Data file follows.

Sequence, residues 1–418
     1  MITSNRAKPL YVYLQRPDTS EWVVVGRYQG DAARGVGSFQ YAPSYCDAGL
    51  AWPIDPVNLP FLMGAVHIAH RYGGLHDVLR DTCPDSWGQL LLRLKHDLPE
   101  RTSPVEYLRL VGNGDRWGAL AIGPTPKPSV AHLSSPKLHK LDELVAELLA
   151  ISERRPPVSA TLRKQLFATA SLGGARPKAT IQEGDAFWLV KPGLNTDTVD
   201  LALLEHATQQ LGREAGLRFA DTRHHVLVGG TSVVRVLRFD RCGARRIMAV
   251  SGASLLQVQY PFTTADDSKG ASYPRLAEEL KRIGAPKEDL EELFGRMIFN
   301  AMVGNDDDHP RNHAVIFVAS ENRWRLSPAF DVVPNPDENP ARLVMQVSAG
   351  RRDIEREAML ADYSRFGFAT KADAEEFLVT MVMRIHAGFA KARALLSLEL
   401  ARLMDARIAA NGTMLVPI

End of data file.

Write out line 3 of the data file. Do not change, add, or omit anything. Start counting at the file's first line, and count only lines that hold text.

    51  AWPIDPVNLP FLMGAVHIAH RYGGLHDVLR DTCPDSWGQL LLRLKHDLPE